Commentators write: “With chronic fatigue syndrome now identified as a common cause of long-term school absence, an accessible and flexible treatment for adolescents is most welcome.”


Colonoscopy Decreases Cancer Deaths.

More evidence that colonoscopic polypectomy prevents deaths from colorectal cance.

In 1993, the National Polyp Study, a large, randomized, controlled trial — initially designed to test 1-year versus 3-year colonoscopic postpolypectomy surveillance intervals in patients who had adenomas removed — reported that the cohort had 76% to 90% lower incidence of colorectal cancer than reference populations. Now, long-term follow-up data on mortality from colorectal cancer are reported for this cohort.

The current study included 2602 patients with adenomas (adenoma cohort) and 773 patients with nonadenomatous polyps (nonadenoma cohort) who had undergone colonoscopic polypectomy at seven clinical centers between 1980 and 1990 for diagnostic purposes. Deaths in the cohort were identified from the National Death Index. U.S. national cancer surveillance data were used to calculate death rates from colorectal cancer in the general population. The patients with nonadenomatous polyps comprised an internal control group.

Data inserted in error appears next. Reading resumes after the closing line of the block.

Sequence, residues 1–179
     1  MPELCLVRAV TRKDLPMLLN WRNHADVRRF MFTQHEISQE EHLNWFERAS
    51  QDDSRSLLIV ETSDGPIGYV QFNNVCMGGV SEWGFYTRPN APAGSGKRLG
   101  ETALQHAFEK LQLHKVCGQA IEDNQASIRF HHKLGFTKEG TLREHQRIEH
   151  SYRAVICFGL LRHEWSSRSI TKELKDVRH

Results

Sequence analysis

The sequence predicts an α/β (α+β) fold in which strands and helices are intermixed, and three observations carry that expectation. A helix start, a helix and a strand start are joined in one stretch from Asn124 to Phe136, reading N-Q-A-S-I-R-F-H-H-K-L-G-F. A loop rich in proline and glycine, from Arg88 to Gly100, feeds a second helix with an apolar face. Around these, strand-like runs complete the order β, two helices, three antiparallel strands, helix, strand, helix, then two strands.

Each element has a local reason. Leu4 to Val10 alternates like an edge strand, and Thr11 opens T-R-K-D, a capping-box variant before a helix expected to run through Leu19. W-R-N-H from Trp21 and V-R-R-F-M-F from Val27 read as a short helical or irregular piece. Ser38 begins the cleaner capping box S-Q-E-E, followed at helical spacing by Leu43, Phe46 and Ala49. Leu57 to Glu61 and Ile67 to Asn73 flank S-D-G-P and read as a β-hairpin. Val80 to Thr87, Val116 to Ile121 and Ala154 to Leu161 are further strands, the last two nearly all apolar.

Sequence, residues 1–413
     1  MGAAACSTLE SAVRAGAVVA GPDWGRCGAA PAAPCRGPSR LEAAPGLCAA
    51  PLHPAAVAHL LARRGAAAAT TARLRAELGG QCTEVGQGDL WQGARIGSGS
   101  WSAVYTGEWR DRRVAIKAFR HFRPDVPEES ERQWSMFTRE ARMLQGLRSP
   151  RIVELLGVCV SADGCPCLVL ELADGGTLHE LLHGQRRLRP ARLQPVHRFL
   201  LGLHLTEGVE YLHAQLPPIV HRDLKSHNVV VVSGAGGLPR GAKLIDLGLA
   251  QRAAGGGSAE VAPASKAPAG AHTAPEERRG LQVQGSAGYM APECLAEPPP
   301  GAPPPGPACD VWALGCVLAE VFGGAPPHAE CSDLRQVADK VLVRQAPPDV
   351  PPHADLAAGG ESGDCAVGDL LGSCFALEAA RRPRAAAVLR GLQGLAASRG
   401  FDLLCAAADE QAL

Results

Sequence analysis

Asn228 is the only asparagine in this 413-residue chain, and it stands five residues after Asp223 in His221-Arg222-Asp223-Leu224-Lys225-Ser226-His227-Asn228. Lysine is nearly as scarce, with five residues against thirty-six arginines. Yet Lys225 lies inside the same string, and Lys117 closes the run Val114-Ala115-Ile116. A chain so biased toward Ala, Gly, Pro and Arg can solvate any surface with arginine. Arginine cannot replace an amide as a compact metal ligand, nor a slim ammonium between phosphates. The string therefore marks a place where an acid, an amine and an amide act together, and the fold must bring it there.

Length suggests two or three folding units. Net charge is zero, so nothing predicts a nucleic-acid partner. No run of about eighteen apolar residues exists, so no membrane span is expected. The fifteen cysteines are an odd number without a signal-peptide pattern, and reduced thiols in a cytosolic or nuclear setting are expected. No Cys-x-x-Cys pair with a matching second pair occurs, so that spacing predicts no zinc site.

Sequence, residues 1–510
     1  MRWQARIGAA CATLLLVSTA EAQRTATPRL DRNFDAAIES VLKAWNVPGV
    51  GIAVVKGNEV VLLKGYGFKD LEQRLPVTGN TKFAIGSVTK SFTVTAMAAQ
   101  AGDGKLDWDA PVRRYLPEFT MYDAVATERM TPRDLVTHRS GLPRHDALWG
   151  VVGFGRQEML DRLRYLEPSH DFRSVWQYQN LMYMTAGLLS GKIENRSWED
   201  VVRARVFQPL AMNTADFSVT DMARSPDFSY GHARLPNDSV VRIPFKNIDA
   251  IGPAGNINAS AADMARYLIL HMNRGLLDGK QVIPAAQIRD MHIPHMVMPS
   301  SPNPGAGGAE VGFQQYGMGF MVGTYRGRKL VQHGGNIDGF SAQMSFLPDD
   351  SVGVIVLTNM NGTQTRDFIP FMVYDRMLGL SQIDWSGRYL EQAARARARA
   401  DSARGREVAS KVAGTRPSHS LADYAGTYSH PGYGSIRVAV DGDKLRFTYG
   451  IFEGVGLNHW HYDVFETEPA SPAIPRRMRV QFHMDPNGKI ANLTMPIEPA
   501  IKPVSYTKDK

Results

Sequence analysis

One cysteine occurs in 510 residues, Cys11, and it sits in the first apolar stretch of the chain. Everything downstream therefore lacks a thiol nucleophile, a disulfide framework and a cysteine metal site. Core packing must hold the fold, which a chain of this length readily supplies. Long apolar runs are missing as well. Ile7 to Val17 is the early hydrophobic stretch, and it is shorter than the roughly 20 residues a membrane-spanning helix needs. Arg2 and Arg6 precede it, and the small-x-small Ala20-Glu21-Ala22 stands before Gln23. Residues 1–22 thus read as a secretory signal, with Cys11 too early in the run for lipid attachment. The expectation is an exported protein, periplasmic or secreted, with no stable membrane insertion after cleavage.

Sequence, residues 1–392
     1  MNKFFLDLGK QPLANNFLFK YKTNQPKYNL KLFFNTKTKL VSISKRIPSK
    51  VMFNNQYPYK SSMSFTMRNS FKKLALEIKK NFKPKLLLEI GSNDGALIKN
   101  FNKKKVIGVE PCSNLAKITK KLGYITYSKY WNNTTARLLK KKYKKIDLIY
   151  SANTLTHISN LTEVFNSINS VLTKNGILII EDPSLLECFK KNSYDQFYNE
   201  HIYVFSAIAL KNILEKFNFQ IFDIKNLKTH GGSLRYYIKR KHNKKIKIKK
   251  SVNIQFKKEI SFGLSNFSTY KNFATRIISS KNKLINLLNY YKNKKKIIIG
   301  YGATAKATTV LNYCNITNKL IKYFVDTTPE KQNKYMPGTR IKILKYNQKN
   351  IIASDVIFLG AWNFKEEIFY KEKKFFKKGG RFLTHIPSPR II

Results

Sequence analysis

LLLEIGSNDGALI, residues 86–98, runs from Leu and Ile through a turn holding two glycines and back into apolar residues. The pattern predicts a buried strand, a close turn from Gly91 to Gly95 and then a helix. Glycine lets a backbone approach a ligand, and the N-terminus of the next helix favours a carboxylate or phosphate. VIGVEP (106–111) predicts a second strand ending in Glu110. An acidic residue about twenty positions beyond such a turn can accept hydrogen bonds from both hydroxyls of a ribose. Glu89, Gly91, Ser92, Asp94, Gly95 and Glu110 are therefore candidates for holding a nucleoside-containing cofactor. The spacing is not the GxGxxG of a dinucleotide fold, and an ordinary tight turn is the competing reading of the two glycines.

During a median follow-up of 15.8 years, 1246 deaths occurred in the adenoma cohort (48%), including 12 deaths from colorectal cancer, compared with 25.4 expected deaths from colorectal cancer in the general population. This 53% reduction in mortality from colorectal cancer in the adenoma cohort was similar between follow-up periods (<10 years and 10 years). Mortality reduction was similar between the adenoma and nonadenoma cohorts during the first 10 years. After 10 years, when surveillance for the adenoma cohort was not organized, mortality rose in the adenoma cohort relative to the nonadenoma cohort.

Comment: This study provides additional evidence that colonoscopic polypectomy prevents colorectal cancer deaths — in this instance, in a cohort of patients with adenomas. This cohort was high risk, with 57% having advanced adenomas at baseline examination. The contrast between the similar reductions in mortality between the adenoma and nonadenoma cohorts in the first 10 years and the difference in mortality between these groups after 10 years underscores the importance and benefit of close colonoscopic surveillance in patients with advanced adenomas.